Asheville and Western North Carolina have become very popular for destination weddings in the last three years. This popularity has a lot of people jumping on the bandwagon and make some money off it; however, a lot of people jumping on the wagon are fresh off the turnip truck, if you know what I mean. How do you tell a real, local Wedding Vendor from a fly-by-night?
1. They have done a lot of weddings in this area.
Check their website and Facebook page for photos of past events. Check their About Us page to see if they have details about their experience. New vendors have only the experience of helping with one or two weddings. Yellow flag: They did their daughter’s, sister’s, cousin’s (or their own) wedding and it was perfect. You also see that person is their reference.) Look for someone who has done over a dozen weddings at least.
2. They are familiar with the area.
I'm not saying that someone can't move here from Hawaii with experience and do weddings. However, it’s best to use a vendor who is truly local. They'll know the local vendors, the local venues, the local weather patterns (which are crazy in the mountains), the best routes to get to and from places, and have a host of emergency contacts on speed dial. Local vendors know things you can't find via Google search. If they are new to the area, they will have done their homework and previewed a lot of venues and made friends with other local vendors. Nothing's more frustrating than the vendor who shows up with the wrong equipment because they don't know the place. Yellow Flag: Their business name is the same or similar to another local business. This indicates they have not done their homework. Red flag: They advertise they work in Asheville all the time but can't remember the name of any place they worked.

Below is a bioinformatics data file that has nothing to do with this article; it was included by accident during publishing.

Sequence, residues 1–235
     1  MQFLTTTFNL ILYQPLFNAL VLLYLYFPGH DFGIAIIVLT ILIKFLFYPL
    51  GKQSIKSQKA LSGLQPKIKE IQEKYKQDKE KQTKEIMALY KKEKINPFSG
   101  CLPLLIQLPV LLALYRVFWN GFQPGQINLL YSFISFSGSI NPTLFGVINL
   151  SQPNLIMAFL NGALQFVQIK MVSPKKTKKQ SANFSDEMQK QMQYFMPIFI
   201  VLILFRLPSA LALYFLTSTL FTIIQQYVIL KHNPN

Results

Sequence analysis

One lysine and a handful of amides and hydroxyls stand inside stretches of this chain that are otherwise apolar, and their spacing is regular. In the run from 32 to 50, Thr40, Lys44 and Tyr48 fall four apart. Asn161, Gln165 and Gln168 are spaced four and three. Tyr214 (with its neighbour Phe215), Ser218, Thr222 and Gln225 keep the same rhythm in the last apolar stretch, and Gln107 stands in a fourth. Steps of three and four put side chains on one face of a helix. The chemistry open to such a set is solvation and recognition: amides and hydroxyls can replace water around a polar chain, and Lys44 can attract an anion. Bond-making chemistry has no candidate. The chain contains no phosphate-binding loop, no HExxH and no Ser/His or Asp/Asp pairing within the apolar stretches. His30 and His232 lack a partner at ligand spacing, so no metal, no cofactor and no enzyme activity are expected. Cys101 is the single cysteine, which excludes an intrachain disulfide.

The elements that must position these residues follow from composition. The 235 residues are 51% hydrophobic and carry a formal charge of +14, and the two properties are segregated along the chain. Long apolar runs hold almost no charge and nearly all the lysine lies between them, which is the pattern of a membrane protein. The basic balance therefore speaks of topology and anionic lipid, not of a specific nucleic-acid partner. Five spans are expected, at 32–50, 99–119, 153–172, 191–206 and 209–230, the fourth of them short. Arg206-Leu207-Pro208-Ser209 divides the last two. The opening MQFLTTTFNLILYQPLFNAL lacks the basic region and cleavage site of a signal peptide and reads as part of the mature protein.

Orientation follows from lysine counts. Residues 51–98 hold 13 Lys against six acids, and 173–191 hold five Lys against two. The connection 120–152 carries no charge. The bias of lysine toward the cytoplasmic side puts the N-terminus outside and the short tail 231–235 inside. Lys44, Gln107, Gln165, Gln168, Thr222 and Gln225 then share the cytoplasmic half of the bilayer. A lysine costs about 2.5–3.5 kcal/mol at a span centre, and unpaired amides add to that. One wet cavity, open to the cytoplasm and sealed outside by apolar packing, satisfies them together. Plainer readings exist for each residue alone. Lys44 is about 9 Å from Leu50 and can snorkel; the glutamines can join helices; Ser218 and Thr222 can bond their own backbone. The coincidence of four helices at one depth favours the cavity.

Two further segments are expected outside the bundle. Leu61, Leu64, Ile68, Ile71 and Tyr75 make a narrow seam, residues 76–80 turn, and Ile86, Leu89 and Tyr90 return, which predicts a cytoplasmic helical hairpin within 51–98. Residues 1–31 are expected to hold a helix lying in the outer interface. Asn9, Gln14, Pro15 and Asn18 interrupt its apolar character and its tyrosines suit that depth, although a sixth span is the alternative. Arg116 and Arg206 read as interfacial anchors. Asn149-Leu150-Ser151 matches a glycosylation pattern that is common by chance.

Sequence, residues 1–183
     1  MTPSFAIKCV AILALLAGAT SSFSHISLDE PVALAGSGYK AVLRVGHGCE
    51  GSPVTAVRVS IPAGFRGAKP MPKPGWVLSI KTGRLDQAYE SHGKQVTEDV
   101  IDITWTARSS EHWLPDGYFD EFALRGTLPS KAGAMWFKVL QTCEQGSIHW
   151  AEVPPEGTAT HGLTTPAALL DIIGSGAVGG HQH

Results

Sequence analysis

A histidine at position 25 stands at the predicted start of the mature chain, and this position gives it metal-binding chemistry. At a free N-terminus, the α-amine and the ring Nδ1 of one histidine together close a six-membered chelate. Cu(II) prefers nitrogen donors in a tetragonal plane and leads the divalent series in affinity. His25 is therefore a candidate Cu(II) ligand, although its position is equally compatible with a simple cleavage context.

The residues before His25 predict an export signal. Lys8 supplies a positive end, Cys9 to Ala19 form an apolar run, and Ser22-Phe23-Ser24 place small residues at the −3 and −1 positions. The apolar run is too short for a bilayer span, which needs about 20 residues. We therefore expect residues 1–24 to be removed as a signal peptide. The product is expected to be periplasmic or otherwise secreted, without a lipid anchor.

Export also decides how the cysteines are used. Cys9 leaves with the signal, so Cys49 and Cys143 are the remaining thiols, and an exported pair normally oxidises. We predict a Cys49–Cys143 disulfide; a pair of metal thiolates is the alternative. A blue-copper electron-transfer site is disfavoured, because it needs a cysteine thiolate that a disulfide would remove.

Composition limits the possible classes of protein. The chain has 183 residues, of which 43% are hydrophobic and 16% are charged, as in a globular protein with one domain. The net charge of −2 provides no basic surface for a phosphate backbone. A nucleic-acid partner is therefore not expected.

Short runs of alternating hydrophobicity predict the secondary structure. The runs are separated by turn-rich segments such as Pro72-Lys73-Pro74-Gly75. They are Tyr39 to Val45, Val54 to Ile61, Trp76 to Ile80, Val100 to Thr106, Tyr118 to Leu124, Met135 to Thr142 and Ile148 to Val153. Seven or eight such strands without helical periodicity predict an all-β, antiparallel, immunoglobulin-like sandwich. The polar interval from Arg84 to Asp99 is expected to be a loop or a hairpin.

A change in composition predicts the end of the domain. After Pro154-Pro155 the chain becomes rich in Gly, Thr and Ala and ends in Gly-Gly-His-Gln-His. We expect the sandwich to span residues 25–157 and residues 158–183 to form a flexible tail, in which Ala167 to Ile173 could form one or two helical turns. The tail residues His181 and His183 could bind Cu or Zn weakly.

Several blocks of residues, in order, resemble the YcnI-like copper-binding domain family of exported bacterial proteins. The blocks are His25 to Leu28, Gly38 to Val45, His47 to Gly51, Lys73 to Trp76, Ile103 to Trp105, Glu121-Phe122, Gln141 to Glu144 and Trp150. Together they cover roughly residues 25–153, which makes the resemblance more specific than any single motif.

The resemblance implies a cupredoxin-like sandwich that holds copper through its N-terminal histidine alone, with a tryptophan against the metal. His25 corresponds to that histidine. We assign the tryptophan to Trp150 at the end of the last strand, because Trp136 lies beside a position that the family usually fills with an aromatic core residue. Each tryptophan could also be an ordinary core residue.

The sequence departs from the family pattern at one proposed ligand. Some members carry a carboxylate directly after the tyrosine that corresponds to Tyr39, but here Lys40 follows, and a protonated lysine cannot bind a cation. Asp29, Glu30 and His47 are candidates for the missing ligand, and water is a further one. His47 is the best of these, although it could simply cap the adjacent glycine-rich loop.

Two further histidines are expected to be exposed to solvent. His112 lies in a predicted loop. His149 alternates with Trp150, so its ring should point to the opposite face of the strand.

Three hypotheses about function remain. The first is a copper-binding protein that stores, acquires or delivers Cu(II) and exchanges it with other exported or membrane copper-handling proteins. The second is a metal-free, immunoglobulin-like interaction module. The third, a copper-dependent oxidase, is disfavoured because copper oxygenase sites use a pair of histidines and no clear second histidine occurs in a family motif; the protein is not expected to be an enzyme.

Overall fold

3. They are professional.
Look for misspellings in their online and offline materials. Look for accreditation by a national association. Are they members of the Chamber of Commerce, Rotary, or a local business group? Are they listed on reputable sites like Wedding Wire or The Knot? Have they updated their blog or FB page in the last couple of months? Is their site mobile-friendly (if not, they are waaay behind the times!) Yellow Flag: You can't find them anywhere other than their Facebook page. Red Flag: They are only on FB. FB pages are free. Domains and websites are so affordable there is no reason not to have a website if you’re serious about your business. Note: I would not take the fact that they work out of their home as a sign that they are not professional. This is a small town where rents are skyhigh for business space. A lot of vendors work out of their homes. I do. But they should have a regular place to meet clients.)
4. They want you to sign a contract.
"A contract is a voluntary arrangement between two or more parties that is enforceable by law as a binding legal agreement" [Wikepidia:Contracts]
Reputable vendors will have documents for you to sign indicating what they agreed to do and the price you agreed to pay.
I recently dealt with a new venue that is advertising for wedding business; however, they have not done any weddings other than their own. They did not have a contract for us to sign, nor even a list of rules. No photos of past weddings except theirs. They explained that they thought they would do some weddings, see how they go, and then figure all that out. They quoted a very low price, but we did not want to be their Guinea pigs.